Announcement Information Paper
23 August 2017
The commencement of this analysis is in response to a request for market access for fresh pineapple fruit (Ananas comosus) from Taiwan into Australia. Taiwan advised Australia in April 2015 that its highest priority request for horticultural market access was for fresh pineapple and in late June 2015 revised the request to fresh decrowned pineapple.
There are two main types of risk analyses used by the department:
- a Biosecurity Import Risk Analysis (BIRA) which is conducted through a regulated process provided for in the Biosecurity Act 2015 and the Biosecurity Regulation 2016
- a non-regulated risk analysis, such as a review of biosecurity import requirements.
Australia has existing import policy for fresh decrowned pineapple from the Philippines, Thailand, Sri Lanka, Solomon Islands and Malaysia. A preliminary pest categorisation for decrowned pineapple from Taiwan has been undertaken and the potential pests of quarantine concern identified are the same as, or similar to, quarantine pests of pineapple from Malaysia for which import conditions exist.
Given the similarity of pests of concern, and that there are appropriate risk management measures for these pests, the risk analysis for decrowned pineapple from Taiwan is being progressed as a review of biosecurity import requirements (a non-regulated risk analysis), consistent with Biosecurity Import Risk Analysis Guidelines 2016.
Pineapple industry in Taiwan
Pineapples are produced in the central and southern regions of Taiwan where a subtropical or tropical climate predominates. Thirty eight per cent of pineapples are produced in Pingtung, followed by 21 per cent in Nantou and 14 per cent each in Chiayi and Kaoshiung, with the remaining 13 per cent produced in Tainan. The total pineapple production for 2013 was approximately 385,000 tonnes.
The main Taiwanese pineapple cultivar is Tai-nung No. 17, which was bred by the Taiwan Agriculture Research Institute and accounts for 85 per cent of production in Taiwan. Tai-nung No. 17 is the main cultivar for export. All Taiwanese pineapple varieties will be considered in the risk analysis.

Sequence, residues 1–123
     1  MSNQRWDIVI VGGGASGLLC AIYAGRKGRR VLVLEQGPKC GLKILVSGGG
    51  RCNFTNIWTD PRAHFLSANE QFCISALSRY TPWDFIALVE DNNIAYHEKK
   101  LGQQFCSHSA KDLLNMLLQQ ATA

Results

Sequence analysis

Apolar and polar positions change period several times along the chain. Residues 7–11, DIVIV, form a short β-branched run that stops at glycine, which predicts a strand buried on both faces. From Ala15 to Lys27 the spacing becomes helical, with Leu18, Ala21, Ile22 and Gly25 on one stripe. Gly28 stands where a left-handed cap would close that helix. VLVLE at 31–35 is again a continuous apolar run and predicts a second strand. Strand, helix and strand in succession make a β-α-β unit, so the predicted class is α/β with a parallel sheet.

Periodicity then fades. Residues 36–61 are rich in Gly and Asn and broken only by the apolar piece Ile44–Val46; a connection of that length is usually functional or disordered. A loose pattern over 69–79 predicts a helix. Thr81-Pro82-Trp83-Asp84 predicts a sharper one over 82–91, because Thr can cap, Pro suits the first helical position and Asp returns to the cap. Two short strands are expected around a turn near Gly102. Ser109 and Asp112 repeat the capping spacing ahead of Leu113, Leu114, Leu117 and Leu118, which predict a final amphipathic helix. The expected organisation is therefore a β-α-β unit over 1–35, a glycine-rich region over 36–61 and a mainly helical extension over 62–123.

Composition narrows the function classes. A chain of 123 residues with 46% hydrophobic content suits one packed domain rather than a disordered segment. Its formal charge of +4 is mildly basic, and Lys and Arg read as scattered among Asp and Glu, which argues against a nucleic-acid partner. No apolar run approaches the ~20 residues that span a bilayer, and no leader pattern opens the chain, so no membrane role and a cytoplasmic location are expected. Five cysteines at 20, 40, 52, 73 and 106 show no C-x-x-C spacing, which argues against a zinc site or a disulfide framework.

In Taiwan, pineapples are cultivated over a period of three years, during which they are harvested twice. Planting dates range from September to November every year, and the fruit can be produced year-round through adjustment of the planting varieties, areas and technologies. The main production and export season ranges from February to September.
Taiwan currently exports pineapples to China, Japan, Korea, Canada, Singapore and Hong Kong. In 2015, Taiwan exported approximately 10,000 tonnes of pineapples.
Australian pineapple imports
Importing fresh pineapples into Australia has been possible since 2004, but only low volumes of fresh pineapples have been imported. For example, during the period from January 2013 – June 2015 just over 11.3 tonnes of fresh pineapples were imported from the Philippines (66%), Thailand (32%) and Sri Lanka (2%). Since July 2015 there have been no fresh pineapple imports.
With regards to processed pineapple and juice, for the year ending June 2016, 21,684 tonnes of preserved pineapples were imported, along with 5,035 kilolitres of pineapple juice.
Pineapple industry in Australia
Australian pineapples are available year round with the major harvesting season between November and February. Pineapples are grown predominantly in Queensland with the major growing regions in Mareeba (North Queensland), Yeppoon and Bundaberg (Central Queensland). The Northern Territory also produces pineapples, but in relatively low volumes at this stage.
There are approximately 80 commercial pineapple growing enterprises in Queensland. Of the varieties grown, 55 per cent are Smooth Cayenne and Queen (rough leaf). The remaining 45 per cent are hybrid varieties, which are becoming more popular with consumers.